Wicked Whiskey LoveBy: Melissa Foster
Sarah finally relented, handing Bones her sweet baby girl with an appreciative smile. “I hate feeling like I’m taking advantage of you. You’re always helping us out. One day you’re going to spin around and wonder where all your free time went.”
“Take advantage, darlin’.” He couldn’t keep the double entendre from sounding like one, and the widening of her eyes told him he’d better pull back or she just might run scared. But he wasn’t great at pulling back from something he wanted, and when he caught Sarah stealing a glance at him—a very heated glance—he added, “As often as you’d like.” Then he tipped his chin up and said, “Hang on tight, B-boy. We’re about to get our trick or treat on.”
ALMOST TWO HOURS and several trick-or-treat stops later Bradley was fast asleep in the stroller, clutching a bag of candy, and Lila was in Bones’s arms, bundled up in her favorite blanket and hugging her hedgehog. Kennedy was fighting sleep on Bullet’s chest, but Lincoln was wide-awake in Truman’s arms, tugging on his beard. Crystal and Bear had taken off about a half hour ago. If Sarah tried really hard, she could pretend she belonged among this close-knit group. But she’d spent a lifetime pretending, and no matter how good she was at it, it was exhausting. She’d give anything to have been born into a different family, to be free of her past without lies or fears of what people might find out about her, but she wasn’t blessed in that way. She was blessed, however. One look at her beautiful babies, or her brother, was all it took to remind her of how lucky she truly was.
“We should probably get your little ones home to bed,” Bones said as they strolled down the sidewalk. “You must be exhausted, too.”
She glanced at him, and her pulse did that sprinting, crazy thing that she’d dreamed of finding as a little girl—and that fervor made fear rise up inside her. She’d screwed up once and could not afford to do it again. If it took everything she had, she was bound and determined to give her children a happy, normal life. What exactly normal meant, she didn’t know anymore. But walking along the sidewalk with Bones, talking about the parade and her children, felt like a start, and it was surely much more normal than how she’d spent too much of her life—on the run, doing things she’d never imagined to keep food on the table, and believing in a man who only let her down, leaving her to start all over again.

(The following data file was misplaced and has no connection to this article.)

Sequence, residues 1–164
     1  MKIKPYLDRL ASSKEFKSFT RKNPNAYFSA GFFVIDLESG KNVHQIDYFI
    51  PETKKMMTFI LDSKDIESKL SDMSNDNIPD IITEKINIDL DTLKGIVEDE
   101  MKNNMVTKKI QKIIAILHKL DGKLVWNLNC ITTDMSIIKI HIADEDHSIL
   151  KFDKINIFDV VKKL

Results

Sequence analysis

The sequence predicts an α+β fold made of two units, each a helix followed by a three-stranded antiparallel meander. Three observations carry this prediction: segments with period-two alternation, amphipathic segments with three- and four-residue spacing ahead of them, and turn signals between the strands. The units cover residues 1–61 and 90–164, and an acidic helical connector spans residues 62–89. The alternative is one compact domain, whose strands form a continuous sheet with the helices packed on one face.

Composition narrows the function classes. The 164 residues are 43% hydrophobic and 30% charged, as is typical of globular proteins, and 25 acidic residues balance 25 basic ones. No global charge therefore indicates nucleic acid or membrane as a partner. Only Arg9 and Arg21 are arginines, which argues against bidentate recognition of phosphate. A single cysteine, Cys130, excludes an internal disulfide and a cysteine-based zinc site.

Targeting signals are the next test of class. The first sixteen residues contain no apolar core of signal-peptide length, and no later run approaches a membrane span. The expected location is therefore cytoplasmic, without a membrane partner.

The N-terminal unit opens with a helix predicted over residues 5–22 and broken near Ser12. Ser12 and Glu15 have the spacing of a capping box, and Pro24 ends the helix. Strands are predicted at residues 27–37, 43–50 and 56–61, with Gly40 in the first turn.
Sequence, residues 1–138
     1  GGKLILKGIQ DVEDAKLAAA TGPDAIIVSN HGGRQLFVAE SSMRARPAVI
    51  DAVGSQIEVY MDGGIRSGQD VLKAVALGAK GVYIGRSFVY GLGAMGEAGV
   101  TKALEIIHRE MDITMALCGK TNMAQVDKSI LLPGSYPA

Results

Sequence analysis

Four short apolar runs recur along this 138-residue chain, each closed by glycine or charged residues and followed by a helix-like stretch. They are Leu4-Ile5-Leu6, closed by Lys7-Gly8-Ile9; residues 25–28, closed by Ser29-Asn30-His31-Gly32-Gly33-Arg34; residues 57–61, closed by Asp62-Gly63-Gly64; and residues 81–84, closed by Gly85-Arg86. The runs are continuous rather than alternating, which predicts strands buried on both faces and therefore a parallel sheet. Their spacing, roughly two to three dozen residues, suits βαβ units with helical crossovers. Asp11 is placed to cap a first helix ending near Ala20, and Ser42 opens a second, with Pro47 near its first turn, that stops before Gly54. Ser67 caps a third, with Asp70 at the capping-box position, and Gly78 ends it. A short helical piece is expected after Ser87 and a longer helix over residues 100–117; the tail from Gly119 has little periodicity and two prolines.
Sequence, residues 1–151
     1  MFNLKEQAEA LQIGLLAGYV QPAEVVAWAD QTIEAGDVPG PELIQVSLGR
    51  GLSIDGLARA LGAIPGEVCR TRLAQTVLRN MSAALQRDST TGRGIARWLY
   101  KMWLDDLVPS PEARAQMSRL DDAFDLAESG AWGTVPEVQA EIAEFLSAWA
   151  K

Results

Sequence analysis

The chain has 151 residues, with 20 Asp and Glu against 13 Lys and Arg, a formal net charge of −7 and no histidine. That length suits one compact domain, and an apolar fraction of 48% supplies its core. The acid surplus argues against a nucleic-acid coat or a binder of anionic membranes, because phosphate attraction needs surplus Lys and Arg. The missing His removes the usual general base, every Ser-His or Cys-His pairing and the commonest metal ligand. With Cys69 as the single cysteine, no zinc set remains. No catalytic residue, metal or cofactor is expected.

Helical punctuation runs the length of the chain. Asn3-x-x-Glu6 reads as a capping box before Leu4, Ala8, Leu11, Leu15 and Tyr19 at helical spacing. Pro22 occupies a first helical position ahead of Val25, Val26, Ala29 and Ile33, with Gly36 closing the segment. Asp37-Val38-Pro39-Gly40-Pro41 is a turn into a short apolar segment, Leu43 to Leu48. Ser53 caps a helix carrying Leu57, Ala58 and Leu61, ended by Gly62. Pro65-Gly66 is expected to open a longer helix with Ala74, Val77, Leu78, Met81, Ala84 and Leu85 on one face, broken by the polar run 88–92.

She’d had such a good time today, she didn’t want the evening to end. But she couldn’t put her selfish desires before her children’s need for a good night’s sleep. “This has been really fun. Believe it or not, I’ve never been to a parade.”
“You’ve never been to a parade?” Finlay spun around in front of her, her pink and white outfit lifting in the wind, sending Tinkerbell into a frenzy. The pup’s big head swung back and forth, assessing the threat.
“Tink,” Bullet said sternly, giving his thigh a single sharp slap. Tinkerbell cocked her head, whimpering at Bullet, then looked at Finlay again.
“It’s okay, Tink.” Finlay petted her head and said, “Parades were a staple of my youth. Where did you grow up?”
Sarah was pretty sure the response in hell would incite too many questions, so she said, “Florida.” The last thing she wanted to do was talk about her childhood. She was sure they’d all had perfect childhoods filled with parades, parties, and pancakes with little smiley faces. The type of childhood she wanted for her children. She’d screwed that up, too, but it wasn’t too late to start over. It’s never too late, she reminded herself. That was the motto she and her siblings had lived by when they were young. A sea of longing moved through her with thoughts of her younger sister, Josie.
“Sunshine and beaches, like Peaceful Harbor. Most of the time, anyway,” Gemma said with a happy sigh, pulling Sarah from her thoughts. “Well, now that you’re here, you can join us for the parades and the club rallies and—” Her eyes bloomed wide, and she gasped. “When are your kids’ birthdays?”